Math for Scientists: Refreshing the Essentials
Almost every student or scientist will at some point run into mathematical formulas or ideas in scientific papers that may be hard to understand or apply, given that formal math education may be some years ago. These math issues can range from reading and understanding mathematical symbols and formulas to using complex numbers, dealing with equations involved in calculating medication equivalents, applying the General Linear Model (GLM) used in, e.g., neuroimaging analysis, finding the minimum of a function, applying independent component analysis, or choosing the best filtering approach. In this book we explain the theory behind many of these mathematical ideas and methods and provide readers with the tools to better understand them. We revisit high-school mathematics and extend and relate them to the mathematics you need to understand and apply the math you may encounter in the course of your research. In addition, this book teaches you to understand the math and formulas in the scientific papers you read. To achieve this goal, each chapter mixes theory with practical pen-and-paper exercises so you (re)gain experience by solving math problems yourself. To provide context, clarify the math, and help readers apply it, each chapter contains real-world and scientific examples. We have also aimed to convey an intuitive understanding of many abstract mathematical concepts.
This book was inspired by a lecture series we developed for junior neuroscientists with very diverse scientific backgrounds, ranging from psychology to linguistics. The initial idea for this lecture series was sparked by a PhD student, who surprised Dr. Ćurčic-Blake by not being able to manipulate an equation that involved exponentials, even though she was very bright. Initially, the PhD student even sought help from a statistician who provided a very complex method to calculate the result she was looking for, which she then implemented in the statistical package SPSS. Yet, simple pen-and-paper exponential and logarithm arithmetic would have solved the problem. Asking around in our departments showed that the problem this particular PhD student encountered was just an example of a more widespread problem and it turned out that many more junior (as well as senior) researchers would be interested in a refresher course about the essentials of mathematics. The first run of lectures in 2014 got very positive feedback from the participants, showing that there is a need for mathematics explained in an accessible way for a broad scientific audience and that the authors’ approach provided that. Since then, we have used our students’ feedback to improve our approach and this book and its affordable paperback format now make this approach to refreshing the ‘math you know you knew’ accessible for a wide readership.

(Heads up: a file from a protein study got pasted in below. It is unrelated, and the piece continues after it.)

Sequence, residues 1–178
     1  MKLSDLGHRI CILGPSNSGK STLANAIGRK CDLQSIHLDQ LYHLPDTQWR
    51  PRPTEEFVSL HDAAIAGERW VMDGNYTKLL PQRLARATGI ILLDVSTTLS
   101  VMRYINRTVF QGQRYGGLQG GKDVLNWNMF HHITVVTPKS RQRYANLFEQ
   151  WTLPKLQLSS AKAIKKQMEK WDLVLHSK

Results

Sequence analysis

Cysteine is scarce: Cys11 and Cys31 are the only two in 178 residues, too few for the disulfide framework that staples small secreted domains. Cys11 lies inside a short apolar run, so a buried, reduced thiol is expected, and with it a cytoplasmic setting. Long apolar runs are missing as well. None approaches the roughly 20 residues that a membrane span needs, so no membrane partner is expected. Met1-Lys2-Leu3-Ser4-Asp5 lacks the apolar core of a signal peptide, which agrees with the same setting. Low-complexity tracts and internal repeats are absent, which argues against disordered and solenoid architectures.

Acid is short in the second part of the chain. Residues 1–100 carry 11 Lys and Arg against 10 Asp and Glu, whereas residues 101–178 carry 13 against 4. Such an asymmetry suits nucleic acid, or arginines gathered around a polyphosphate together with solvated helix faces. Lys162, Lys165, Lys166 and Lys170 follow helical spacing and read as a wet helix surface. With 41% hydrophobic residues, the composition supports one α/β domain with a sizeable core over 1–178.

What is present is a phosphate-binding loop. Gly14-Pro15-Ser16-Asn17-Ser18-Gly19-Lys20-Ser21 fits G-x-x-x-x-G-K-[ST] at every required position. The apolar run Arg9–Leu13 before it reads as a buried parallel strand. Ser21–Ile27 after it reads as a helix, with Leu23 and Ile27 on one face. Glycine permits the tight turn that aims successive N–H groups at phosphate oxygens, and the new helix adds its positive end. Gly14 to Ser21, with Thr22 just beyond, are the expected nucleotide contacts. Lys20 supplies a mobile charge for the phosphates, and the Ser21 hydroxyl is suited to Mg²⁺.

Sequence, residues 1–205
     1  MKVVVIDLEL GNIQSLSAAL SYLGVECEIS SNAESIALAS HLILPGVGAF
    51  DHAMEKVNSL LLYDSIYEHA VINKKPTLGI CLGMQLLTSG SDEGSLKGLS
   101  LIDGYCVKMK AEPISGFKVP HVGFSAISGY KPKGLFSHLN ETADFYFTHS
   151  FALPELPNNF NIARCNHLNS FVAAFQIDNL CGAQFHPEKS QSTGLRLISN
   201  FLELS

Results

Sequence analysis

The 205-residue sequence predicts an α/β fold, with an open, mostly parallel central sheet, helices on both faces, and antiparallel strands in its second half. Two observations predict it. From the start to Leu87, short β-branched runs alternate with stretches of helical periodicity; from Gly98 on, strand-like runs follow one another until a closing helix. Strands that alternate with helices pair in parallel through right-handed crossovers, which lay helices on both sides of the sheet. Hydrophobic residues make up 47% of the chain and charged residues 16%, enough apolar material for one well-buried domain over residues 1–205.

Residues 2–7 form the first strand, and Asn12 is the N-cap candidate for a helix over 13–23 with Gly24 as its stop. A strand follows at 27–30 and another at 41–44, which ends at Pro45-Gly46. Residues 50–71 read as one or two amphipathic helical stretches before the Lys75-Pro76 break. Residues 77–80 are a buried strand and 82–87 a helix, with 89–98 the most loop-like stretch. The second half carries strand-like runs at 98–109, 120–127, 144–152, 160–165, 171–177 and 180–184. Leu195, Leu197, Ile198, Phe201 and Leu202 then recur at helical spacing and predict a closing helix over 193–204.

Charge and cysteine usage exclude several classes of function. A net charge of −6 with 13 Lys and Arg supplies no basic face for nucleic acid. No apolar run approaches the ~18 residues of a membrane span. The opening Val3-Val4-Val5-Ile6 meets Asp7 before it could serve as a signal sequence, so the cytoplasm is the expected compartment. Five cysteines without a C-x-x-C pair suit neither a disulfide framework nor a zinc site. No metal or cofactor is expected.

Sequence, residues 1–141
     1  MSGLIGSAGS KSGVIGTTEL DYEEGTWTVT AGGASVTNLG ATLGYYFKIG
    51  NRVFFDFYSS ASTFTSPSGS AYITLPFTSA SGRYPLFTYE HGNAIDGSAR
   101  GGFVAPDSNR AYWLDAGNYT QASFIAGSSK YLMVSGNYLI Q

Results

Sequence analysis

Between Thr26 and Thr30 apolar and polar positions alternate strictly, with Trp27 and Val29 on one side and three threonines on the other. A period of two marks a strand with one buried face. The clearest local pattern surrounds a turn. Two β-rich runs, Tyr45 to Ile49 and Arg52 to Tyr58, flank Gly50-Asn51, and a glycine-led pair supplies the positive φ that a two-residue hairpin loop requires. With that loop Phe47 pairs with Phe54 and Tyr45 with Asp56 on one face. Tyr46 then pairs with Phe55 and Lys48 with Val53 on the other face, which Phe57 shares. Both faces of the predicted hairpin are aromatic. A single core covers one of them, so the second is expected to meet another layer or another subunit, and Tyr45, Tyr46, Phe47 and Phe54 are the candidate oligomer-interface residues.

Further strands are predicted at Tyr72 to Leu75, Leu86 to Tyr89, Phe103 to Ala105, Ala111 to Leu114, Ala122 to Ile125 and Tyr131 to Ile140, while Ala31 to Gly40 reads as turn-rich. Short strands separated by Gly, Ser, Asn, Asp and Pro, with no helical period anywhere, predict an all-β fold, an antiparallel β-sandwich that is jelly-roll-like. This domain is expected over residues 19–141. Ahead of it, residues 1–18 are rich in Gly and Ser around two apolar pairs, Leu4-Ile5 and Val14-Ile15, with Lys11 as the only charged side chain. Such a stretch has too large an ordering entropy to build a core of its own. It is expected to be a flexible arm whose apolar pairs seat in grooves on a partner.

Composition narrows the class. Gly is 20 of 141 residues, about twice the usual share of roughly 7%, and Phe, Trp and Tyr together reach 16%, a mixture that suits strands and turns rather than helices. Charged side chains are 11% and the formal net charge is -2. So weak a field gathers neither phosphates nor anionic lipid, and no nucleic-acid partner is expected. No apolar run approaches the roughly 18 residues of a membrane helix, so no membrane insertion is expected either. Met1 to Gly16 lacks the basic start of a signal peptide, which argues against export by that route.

Instead of developing a completely new course, we could have tried to build our course on an existing introductory mathematics book. And of course there are ample potentially suitable mathematics books around. Yet, we find that most are too difficult when you are just looking for a quick introduction to what you learned in high school but forgot about. In addition, most mathematics books that are aimed at bachelor-and-up students or non-mathematician researchers present mathematics in a mathematical way, with strict rigor, forgetting that readers like to gain an intuitive understanding and ascertain the purpose of what they are learning. Furthermore, many students and researchers who did not study mathematics can have trouble reading and understanding mathematical symbols and equations. Even though our book is not void of mathematical symbols and equations, the introduction to each mathematical topic is more gradual, taking the reader along, so that the actual mathematics becomes more understandable. With our own firm backgrounds in mathematics (Prof. Maurits) and physics (Dr. Ćurčic-Blake) and our working experience and collaborations in the fields of biophysical chemistry, neurology, psychology, computer science, linguistics, biophysics, and neuroscience, we feel that we have the rather unique combination of skills to write this book.